Now let's try some different figures and deal with fractions.

Number of pixels = 1800
range = 10400 to 13800
1800/13800 = 0.13043478260869565
dot d = ((d-10400) * 0.13043478260869565)
Assuming dot d = 10500, which is close to the bottom (pixel 0)
dot 10500 = ((10500-10400) * 0.13043478260869565)
dot 10 = (100 * 0.13043478260869565)
dot 10 = 13.043478260869565
OK, looks good.

Number of pixels = 1800
range = 10400 to 13800
1800/13800 = 0.13043478260869565
dot d = ((d-10400) * 0.13043478260869565)
Assuming dot d = 13700, which is close to the top (pixel 1800)
dot 13700 = ((13700-10400) * 0.13043478260869565)
dot 13700 = (3300 * 0.13043478260869565)
dot 13700 = 430.4347826086956
430 is VERY far from 1800!

Number of pixels = 1800
range = 25 to 50
1800/25 = 72
dot d = ((d-25) * 72)
Assuming dot d = 10, which is close to the bottom (pixel 0)
dot 10 = ((10-25) * 72)
dot 10 = (-15 * 72)
dot 10 = -1080.0

So dot 10 would be plotted at -1080 in the y axis? That is wrong. It shouldn't be negative.

Well, if the range of values, that is the y-axis of your graph is 25 to 50, then by definition you will have no dots with a value of 10 in the graph! The negative value tells you it is out of y-axis range.

If you have a lowest dot with a value of 10 then the lower end of the range must be 10 or less!

You must understand the formula to use it correctly.

If the range of actual values were 10 to 50 and you want to leave some pad at top and bottom then set range-min lower than 10 and the range-max greater than 50, 0 to 60 for example:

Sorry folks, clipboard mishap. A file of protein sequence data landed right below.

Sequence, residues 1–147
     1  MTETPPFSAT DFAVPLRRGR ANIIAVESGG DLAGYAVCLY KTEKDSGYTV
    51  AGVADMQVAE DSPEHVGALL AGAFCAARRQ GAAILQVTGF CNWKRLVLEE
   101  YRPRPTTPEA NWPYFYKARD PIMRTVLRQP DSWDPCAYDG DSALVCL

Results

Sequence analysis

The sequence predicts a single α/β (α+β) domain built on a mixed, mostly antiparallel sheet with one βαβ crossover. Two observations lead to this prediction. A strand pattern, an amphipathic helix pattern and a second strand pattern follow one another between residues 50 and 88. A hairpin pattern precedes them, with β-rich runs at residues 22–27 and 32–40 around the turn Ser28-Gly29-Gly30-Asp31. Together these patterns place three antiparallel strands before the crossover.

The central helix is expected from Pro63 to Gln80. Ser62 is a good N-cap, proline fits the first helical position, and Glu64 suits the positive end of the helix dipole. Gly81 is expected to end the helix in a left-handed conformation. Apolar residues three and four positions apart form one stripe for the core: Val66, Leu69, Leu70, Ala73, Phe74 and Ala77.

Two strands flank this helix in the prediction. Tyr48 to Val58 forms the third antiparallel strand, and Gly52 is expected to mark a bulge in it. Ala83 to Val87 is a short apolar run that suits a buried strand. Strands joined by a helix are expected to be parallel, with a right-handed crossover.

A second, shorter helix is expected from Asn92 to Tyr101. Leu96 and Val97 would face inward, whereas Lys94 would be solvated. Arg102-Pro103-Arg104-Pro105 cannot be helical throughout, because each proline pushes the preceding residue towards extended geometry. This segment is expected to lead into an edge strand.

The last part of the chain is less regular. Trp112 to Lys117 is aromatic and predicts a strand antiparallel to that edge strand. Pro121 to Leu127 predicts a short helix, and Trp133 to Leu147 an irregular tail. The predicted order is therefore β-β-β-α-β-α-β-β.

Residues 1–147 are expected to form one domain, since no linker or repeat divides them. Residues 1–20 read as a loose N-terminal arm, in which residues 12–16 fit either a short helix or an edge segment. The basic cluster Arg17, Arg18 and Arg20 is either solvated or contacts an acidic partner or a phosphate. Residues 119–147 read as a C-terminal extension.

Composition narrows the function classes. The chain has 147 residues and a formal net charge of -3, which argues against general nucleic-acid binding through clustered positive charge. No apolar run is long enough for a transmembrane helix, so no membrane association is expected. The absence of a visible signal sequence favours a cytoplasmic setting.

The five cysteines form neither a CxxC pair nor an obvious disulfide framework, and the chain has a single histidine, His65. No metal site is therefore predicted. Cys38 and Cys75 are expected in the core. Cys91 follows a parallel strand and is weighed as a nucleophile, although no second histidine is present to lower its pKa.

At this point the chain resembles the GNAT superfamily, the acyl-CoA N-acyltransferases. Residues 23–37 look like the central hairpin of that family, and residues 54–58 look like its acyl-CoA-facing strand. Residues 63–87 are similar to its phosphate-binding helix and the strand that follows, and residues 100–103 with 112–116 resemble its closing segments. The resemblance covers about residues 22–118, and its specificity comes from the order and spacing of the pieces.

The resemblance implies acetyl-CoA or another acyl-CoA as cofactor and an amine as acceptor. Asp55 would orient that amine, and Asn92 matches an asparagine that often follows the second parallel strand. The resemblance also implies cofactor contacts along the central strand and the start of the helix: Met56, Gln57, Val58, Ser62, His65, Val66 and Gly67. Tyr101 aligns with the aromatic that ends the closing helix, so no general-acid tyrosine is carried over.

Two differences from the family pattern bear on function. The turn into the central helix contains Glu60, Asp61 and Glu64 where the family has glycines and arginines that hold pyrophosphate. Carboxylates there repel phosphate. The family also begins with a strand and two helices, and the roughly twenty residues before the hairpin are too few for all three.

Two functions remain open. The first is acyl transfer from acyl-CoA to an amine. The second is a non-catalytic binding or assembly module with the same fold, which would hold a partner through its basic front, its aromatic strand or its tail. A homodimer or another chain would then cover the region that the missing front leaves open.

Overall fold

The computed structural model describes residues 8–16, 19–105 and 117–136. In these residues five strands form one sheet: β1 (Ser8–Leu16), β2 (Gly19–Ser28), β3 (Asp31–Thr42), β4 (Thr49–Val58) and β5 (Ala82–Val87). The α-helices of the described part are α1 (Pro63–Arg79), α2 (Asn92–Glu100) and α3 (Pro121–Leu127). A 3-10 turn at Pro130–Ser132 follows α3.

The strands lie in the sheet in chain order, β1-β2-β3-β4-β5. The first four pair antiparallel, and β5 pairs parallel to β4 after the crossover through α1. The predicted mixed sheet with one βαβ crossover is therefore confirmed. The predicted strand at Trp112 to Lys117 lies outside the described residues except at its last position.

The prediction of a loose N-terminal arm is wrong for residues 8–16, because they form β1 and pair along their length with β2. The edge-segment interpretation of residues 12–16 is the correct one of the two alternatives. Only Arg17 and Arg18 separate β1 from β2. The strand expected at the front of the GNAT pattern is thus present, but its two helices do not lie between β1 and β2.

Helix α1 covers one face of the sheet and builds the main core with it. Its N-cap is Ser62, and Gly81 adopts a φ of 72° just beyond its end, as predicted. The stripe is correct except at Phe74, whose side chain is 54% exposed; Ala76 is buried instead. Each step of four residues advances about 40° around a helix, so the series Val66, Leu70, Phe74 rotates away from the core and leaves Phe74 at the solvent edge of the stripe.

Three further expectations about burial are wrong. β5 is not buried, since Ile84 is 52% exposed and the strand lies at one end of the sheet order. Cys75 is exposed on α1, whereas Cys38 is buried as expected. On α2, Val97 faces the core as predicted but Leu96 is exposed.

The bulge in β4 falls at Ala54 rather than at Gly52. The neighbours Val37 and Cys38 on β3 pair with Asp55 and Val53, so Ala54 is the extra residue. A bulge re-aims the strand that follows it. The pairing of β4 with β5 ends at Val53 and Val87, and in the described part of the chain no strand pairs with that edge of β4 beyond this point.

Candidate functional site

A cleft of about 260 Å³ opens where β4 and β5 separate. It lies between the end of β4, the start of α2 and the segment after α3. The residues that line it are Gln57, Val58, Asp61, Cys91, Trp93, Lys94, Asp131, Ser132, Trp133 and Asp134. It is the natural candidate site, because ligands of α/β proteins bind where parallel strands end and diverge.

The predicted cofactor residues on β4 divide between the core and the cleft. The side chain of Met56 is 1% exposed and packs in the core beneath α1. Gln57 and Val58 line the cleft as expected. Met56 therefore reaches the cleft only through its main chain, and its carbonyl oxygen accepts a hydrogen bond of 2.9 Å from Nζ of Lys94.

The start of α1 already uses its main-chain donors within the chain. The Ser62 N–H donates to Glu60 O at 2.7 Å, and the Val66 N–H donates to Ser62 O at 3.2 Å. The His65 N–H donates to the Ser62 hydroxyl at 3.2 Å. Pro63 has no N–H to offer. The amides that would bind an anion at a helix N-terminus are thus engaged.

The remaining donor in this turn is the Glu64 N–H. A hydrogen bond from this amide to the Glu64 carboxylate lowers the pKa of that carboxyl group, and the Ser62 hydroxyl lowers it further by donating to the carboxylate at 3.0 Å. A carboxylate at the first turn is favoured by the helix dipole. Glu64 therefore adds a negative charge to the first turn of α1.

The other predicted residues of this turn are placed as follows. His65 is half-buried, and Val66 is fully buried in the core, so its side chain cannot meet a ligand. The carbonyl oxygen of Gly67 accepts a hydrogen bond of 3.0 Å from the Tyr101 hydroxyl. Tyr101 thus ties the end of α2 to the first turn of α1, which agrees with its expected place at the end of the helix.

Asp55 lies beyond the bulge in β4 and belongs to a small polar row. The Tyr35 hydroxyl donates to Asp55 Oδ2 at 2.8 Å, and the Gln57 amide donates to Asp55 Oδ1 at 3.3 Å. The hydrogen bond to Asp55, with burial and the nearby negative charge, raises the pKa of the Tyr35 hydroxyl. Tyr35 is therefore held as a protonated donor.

Well, if the range of values, that is the y-axis of your graph is 25 to 50, then by definition you will have no dots with a value of 10 in the graph! The negative value tells you it is out of y-axis range.

If you have a lowest dot with a value of 10 then the lower end of the range must be 10 or less!

Yes, my mistake. I'm sorry. Thank you for pointing that out.

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Rep:

Quote:

Originally Posted by lucmove

It's perl, but I don't want any code. I want the math. Writing the code is how I have my fun.

You need to determine the limits in the size plot you wish to create. It seems you already have this. Establish the scaling that needs to done with each data point in both the X and Y directions: Xscale = (Xpxlmax - Xpxlmin) / (Xmax - Xmin). (Same for Y.) Apply the scaling to each point to, basically, turn the data coordinates to coordinates in the "pixel space". If either the X or Y data crosses 0.0, you'll need to apply an offset as well to get the data positioned around the X/Y axes correctly and within you plotting space. Tinkering with a small dataset should make it clear how this works.

I used to do stuff like to to get data plotted on pen plotters; things got hairy when there were multiple/stacked plots. I stopped caring about things like this when tools like Gnuplot did all of it for me. It's interesting to know how the guts of the tool works but if I'm more interested in seeing the plot and I'm no longer banging my head on the table trying to get a homegrown surface plot w/ hidden-line removal code to work, I'm more than happy.

I stopped caring about things like this when tools like Gnuplot did all of it for me. It's interesting to know how the guts of the tool works but if I'm more interested in seeing the plot and I'm no longer banging my head on the table trying to get a homegrown surface plot w/ hidden-line removal code to work, I'm more than happy.

Gnuplot is nightmarishly difficult. Coding my own plotter from scratch is easier.

Not a lot of good plotters for Windows either. Most offerings today are exclusively online.